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Frequently Asked Questions

Insurance brokers are professional advisers who work on behalf of their clients – not insurance companies. The job involves analysing ‘risks’ to help people decide what needs insuring and what can be managed in other ways, a main aspect of the broker’s role is to assist clients to manage their risks by arranging and putting in place insurance policies. The profession is diverse and allows the scope to work for small specialised brokers through to large international firms. It is this variety that makes the profession so interesting.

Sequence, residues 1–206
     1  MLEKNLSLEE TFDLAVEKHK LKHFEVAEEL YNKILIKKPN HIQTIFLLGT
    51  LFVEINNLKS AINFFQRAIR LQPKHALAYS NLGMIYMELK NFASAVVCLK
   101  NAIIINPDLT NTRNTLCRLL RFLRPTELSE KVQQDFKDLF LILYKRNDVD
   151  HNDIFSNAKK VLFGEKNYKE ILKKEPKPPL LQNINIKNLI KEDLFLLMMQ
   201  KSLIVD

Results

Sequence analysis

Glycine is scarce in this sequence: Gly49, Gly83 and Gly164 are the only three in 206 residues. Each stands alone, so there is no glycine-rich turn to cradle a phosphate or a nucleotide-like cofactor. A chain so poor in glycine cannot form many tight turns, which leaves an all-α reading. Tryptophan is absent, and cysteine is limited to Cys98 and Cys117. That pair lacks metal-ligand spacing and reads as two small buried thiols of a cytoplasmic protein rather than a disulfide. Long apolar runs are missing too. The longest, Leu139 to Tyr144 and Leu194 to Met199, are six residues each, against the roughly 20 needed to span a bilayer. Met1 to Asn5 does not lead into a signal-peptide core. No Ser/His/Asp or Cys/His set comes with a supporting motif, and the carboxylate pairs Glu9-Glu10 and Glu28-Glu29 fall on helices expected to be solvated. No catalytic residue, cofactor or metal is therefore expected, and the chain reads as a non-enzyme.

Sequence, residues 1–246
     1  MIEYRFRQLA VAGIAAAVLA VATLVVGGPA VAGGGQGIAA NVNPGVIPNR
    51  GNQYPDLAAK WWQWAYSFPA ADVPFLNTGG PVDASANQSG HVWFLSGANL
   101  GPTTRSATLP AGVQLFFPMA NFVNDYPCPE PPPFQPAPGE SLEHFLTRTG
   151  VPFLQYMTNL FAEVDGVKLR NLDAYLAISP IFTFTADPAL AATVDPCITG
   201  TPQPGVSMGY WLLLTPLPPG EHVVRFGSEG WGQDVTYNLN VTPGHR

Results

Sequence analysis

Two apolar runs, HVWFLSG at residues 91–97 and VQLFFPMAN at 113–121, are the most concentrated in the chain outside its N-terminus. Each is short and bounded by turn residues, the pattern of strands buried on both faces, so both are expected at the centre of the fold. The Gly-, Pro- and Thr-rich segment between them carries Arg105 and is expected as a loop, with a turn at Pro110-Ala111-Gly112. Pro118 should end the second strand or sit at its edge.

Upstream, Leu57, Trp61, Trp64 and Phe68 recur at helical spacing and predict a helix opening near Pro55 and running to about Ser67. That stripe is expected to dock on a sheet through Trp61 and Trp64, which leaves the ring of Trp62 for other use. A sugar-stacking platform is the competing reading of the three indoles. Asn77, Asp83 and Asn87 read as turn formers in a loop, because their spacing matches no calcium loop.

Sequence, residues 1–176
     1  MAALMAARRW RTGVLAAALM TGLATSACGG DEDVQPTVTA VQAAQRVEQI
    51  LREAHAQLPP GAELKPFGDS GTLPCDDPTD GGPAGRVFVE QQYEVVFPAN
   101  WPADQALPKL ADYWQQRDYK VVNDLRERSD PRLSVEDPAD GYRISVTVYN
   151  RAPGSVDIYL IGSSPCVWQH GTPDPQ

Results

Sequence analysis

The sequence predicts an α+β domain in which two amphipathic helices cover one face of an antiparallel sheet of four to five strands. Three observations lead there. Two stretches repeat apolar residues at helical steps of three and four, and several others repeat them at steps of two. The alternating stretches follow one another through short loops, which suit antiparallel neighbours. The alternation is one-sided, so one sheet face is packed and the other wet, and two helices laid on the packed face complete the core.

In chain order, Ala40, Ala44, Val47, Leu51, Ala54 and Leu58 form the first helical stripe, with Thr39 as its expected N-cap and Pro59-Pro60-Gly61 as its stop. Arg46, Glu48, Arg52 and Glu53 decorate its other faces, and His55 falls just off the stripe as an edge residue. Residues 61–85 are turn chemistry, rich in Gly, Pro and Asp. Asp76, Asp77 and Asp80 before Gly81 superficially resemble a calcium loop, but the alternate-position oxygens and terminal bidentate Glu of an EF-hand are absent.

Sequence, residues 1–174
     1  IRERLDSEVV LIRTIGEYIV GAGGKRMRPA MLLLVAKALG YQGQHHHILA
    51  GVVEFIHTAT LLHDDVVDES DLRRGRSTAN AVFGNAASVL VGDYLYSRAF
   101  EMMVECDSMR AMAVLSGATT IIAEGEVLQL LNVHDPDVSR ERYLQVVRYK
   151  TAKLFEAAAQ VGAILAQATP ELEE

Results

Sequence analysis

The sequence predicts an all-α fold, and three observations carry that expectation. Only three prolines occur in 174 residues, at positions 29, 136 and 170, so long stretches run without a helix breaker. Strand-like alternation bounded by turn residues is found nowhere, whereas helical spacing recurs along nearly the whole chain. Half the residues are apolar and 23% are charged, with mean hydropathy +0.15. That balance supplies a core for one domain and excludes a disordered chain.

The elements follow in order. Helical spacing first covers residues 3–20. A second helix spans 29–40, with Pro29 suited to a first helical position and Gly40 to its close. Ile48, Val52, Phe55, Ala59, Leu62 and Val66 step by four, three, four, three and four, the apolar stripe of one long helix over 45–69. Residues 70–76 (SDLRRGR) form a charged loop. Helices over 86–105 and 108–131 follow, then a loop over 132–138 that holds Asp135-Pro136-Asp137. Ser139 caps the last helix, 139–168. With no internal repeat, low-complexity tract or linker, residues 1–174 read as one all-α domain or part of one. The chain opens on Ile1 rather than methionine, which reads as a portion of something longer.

Insurance broking is a growth industry – every day, more and more people are consulting brokers for personal service and specialised advice. People use insurance brokers because it can save them time and money. In the same way that individuals and companies utilise the services of solicitors and accountants in relation to specialist areas, insurance brokers provide their clients with expert advice in relation to the risks associated with the property they own and the business they operate.

Also, insurance brokers act on behalf of their clients; they provide professional, technical advice, which can be particularly handy in the event of claim. Brokers are not insurance agents or salespeople; a brokerage business is a licensed financial services provider with the industry regulator, the Australian Securities and Investments Commission. Individuals need to have certain levels of professional training and expertise to work as brokers.